A new transparent and sustainable wood, which allows natural light through its surface and that can store thermal energy, is the result of research conducted at Stockholm’s KTH Royal Institute of Technology. The new transparent wood is unique and unlike other transparent woods, is intended for structural use.
A tested sustainable alternative
In previous iterations of their composite, the KTH researchers had used conventional petroleum-based polymers. Now they have successfully developed and tested a sustainable alternative which uses limonene acrylate – a monomer made from limonene.
“The new limonene acrylate is made from renewable citrus, such as peel waste that can be recycled from the orange juice industry,” said Céline Montanari, a PhD candidate and lead author of the study.
Montanari and her colleagues used an extract from orange juice production to create the polymer, which was suitable for restoring the strength of the delignified wood while allowing light to pass through. At a thickness of 1,2mm, the composite material offers 90% optical transmittance and surprisingly low haze. Notably, the material is intended for structural use; it demonstrated heavy-duty mechanical performance with strength and elasticity suitable for structural applications.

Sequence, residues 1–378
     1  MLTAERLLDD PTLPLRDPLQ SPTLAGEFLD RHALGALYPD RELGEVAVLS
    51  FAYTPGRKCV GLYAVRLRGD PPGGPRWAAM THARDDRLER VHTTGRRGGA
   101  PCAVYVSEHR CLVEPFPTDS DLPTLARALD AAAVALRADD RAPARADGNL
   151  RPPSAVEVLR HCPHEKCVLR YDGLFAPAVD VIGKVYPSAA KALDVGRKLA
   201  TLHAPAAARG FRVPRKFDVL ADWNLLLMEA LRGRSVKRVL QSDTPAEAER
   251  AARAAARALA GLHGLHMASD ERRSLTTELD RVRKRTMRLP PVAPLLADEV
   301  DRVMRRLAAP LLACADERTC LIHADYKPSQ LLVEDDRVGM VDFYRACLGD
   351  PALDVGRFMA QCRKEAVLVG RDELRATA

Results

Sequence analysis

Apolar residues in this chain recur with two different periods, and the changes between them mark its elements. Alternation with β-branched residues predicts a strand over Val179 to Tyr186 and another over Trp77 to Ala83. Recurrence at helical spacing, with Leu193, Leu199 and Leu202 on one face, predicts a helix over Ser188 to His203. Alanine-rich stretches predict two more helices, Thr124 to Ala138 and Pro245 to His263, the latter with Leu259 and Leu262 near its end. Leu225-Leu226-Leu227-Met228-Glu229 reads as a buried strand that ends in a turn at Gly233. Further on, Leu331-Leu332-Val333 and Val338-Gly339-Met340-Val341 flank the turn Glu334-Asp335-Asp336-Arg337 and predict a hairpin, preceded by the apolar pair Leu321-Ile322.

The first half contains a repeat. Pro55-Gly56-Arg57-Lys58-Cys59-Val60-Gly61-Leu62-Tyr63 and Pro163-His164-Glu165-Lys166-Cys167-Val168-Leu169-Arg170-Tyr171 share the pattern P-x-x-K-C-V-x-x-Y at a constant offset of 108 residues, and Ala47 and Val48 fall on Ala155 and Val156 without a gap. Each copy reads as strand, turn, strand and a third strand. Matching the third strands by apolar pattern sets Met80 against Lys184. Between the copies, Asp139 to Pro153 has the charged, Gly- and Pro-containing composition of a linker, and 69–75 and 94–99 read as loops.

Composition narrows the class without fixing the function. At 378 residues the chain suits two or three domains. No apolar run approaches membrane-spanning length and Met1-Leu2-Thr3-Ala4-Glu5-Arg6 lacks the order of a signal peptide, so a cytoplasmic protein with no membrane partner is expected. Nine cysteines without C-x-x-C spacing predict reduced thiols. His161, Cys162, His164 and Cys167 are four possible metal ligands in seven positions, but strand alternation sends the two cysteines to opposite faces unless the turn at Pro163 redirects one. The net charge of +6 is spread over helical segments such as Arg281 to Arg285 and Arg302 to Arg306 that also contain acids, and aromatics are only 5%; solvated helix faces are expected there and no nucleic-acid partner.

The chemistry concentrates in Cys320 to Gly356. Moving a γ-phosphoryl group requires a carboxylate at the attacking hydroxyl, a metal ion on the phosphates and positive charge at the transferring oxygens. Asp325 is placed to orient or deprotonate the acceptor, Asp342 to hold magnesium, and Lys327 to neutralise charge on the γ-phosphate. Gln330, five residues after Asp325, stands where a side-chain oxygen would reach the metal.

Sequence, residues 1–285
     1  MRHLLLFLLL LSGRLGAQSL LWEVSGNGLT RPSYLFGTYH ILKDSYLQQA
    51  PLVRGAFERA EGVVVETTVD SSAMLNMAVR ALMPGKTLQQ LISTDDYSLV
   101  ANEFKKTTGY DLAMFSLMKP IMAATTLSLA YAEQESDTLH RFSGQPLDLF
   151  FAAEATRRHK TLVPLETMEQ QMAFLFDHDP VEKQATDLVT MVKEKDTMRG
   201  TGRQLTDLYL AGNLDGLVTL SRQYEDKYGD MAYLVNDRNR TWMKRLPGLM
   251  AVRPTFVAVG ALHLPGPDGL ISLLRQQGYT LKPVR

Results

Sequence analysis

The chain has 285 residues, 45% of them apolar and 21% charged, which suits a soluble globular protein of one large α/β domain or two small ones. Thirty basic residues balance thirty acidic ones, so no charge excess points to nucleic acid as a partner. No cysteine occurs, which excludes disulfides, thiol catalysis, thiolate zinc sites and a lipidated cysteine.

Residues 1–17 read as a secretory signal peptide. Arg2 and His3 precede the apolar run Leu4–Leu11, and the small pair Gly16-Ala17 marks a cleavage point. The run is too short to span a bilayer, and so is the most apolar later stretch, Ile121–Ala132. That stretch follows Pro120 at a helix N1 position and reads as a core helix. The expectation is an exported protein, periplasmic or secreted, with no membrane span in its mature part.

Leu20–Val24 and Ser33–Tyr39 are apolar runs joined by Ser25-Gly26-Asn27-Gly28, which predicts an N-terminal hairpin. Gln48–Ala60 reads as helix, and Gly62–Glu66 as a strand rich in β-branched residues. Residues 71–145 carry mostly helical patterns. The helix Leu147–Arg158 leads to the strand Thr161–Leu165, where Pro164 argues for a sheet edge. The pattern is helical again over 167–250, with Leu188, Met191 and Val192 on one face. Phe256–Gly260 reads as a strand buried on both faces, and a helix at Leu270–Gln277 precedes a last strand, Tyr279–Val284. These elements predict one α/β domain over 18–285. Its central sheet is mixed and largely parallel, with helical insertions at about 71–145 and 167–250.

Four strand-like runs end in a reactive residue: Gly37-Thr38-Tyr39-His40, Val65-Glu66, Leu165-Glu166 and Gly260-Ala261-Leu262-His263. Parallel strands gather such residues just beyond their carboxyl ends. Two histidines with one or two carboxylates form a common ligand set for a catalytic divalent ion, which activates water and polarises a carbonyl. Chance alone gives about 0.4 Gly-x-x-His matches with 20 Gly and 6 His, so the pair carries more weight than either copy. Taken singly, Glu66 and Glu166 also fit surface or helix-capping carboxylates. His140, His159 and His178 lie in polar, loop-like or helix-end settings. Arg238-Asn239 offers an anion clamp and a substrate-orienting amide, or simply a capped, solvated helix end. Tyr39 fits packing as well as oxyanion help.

According to Professor Lars Berglund, head of the university’s Department of Fibre and Polymer Technology, the group wanted to create a sustainable version of the wood composite for years.
“Replacing the fossil-based polymers has been one of the challenges we have had in making sustainable transparent wood,” he said. He said that the material is made with no solvents and all chemicals are derived from bio-based raw materials.
According to the researchers, the advances could enable an exciting and unexplored range of applications such as in wood nanotechnology, with the possibilities including smart windows, wood for heat storage, a wooden laser and wood with a built-in lighting function. The researchers are working with the KTH photonics group to explore these possibilities further.
“We have looked at where the light goes and what happens when it hits the cellulose,” Berglund added. “Some of the light goes straight through the wood and makes the material transparent. Some of the light is refracted and scattered at different angles and gives pleasant effects in lighting applications.”
Thanks and acknowledgement are given to the KTH Royal Institute of Technology’s Department of Engineering and Technology for the information contained in this article.
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